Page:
By Colin Jervis
Those of us who look forward to a healthcare system supported by fully-integrated technology were excited by last month’s announcement by the Department of Health (DH). It intends to fund up to three whole system long term condition demonstrators with a “powerful commitment to new, electronic assistive technologies”. But others are concerned that the demonstrators and associated framework contract may inhibit innovation and encourage an inappropriate focus.
About 17m adults in the UK live with a long-term conditions (LTCs) such as asthma, diabetes or heart disease. Many are elderly and need support to live independently. LTC management consumes a large part of NHS resources—about 80% of GP consultations and 60% of hospital bed days are related to it. As the UK’s population ages the number suffering from LTCs is likely to increase and the cost to the NHS of treating the increased caseload could be unaffordable.
To manage costs and provide better care, a new approach to healthcare delivery is needed. In particular, the DH wants the NHS and local authorities to co-operate in the demonstrators. This in itself may be difficult as these organisations have different cultures, assessment criteria and funding. This factor that may be further complicated if the benefits of any change—for example, reduced acute admissions—accrue to organisations that are not also bearing the costs.
“This is quite a complex and subtle area that needs insights from a whole variety of people, such as social services, nurses and other clinicians,” says John Harries, BT’s director of global health practice. BT has participated in pilot studies with the NHS and social care in the UK, including a telecare research study with Liverpool City Council called Liverpool Direct. Using the lessons it learned it has developed Vital Life, a system that is capable of monitoring multiple diseases and of integrating with the social care monitoring of local authorities.
Though it plans to work more closely with the local authority, NHS Direct is at the moment piloting assertive care management in Birmingham with the SHA, PCTs and UK Pfizer Health Solutions. Nurse care managers—some multi-lingual—offer 24 hour outbound telephone support to about 1000 enrolled patients with heart disease and diabetes, helping them to help themselves. “There have been some early changes in health behaviour and in clinical parameters, but we are waiting to see if they are sustained long term,” Mike Sadler, chief operating officer said.
NHS Direct selected its target patients, something the demonstrators may also need to do. The DH has represented its policy aims as a triangle resting on its base, divided into three levels of customer. At the apex, representing the smallest number, are those whose complex needs require the greatest care. In the middle are those with early problems and single conditions, and at the base, representing the largest number, is the general population. Each level has different healthcare needs, which include intensive disease management and support for self-carers.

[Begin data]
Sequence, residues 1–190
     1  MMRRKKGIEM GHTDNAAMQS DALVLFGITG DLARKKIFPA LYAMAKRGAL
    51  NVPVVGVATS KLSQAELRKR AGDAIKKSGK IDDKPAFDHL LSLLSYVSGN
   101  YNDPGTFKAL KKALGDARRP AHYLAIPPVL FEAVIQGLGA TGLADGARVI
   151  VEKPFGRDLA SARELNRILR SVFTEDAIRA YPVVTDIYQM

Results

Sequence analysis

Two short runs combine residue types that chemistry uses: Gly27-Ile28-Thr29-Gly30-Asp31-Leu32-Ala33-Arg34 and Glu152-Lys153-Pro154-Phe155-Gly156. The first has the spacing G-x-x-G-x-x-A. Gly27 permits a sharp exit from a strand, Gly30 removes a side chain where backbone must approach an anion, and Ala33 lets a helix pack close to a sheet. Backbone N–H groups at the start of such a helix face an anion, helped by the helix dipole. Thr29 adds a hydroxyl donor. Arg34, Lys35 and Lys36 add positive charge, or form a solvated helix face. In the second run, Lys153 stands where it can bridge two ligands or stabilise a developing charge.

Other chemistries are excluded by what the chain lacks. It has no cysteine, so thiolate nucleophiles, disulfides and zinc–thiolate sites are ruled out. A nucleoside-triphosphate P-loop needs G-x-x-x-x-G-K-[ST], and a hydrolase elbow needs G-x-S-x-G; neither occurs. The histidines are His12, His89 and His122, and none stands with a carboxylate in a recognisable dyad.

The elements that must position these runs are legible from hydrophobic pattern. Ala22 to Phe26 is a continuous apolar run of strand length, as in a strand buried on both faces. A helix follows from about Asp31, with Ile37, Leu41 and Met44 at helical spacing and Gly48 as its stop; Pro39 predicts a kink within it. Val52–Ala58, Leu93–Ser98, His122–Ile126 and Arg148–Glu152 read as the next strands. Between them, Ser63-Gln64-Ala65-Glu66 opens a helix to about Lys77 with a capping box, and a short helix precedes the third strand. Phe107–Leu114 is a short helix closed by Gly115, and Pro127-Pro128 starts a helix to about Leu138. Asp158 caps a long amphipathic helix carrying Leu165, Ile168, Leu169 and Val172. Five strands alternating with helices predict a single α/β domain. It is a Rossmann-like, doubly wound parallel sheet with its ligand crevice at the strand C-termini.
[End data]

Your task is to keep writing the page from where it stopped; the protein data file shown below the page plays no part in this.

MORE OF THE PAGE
With this in mind, some suppliers are anxious that the demonstrators, when combined with the commercial offerings in the pre-competed framework contract, may encourage a focus on a restricted target group. Dr Paul Johnson of Xenetec, developers of a remote and non-invasive physiological telemonitoring service, suggests telecare—helping the elderly and vulnerable to remain independent at home—may be over emphasised. “Though this is worthy, it will not deal with the chronic disease triangle and it is completely unsuited to three-quarters of the people in the trial,” he said.
Professor Lionel Tarassenko of t+ Medical, which develops user friendly technology to aid LTC management, has similar concerns. “I would agree there is some confusion between telecare and telemedicine,” he told me. “They seem to be concentrating on the highest level, the most acute patients, with a view to keeping them out of hospital through a combination of telecare and social care.”
Even with focused aims and organisations, providers of care for patients with LTCs have a wide choice of technical support, ranging from the landline and mobile phone to exciting new monitoring and diagnostic devices.
Toumaz Technology is carrying out clinical trials with one such device that transmits wirelessly to a PDA or laptop. Toumaz is working with Oracle Corporation to embed the device with intelligence so it transmits by exception, which will reduce transmissions and the demand for battery power. A new plaster-sized device is also under development that will exploit a tiny microprocessor and monitor up to 24 vital signs. Keith Errey, chief operating officer, said: “No-one really knows how to use it yet. It would need to be in a joined up healthcare structure, and we’re not quite there yet.”
This comment highlights the important dynamics at play in creating the demonstrators—and ultimately a healthcare system to manage LTCs effectively and economically. It is common to discuss organisations in terms of people, processes and technology. But these are not three pieces of a static jigsaw—they relate dynamically. Change one and the others will also be pressured to change.
The demonstrators offer an opportunity to look at those dynamics and learn important lessons from them. But we must be wary of allowing models of care to cement our thinking and our openness to new ideas and developments. What’s more, given the uncertainty of demographics and epidemiology, our approach must stay flexible. As BT’s John Harries put it: “You need something that supports the extremely unwell at the top of the triangle that can also be scaled economically to the bulk of the population with long term conditions.”
Colin Jervis is an independent consultant helping organisations to create their future. He has serviced, and worked in, healthcare for 20 years, leading two major NHS EPR Programmes.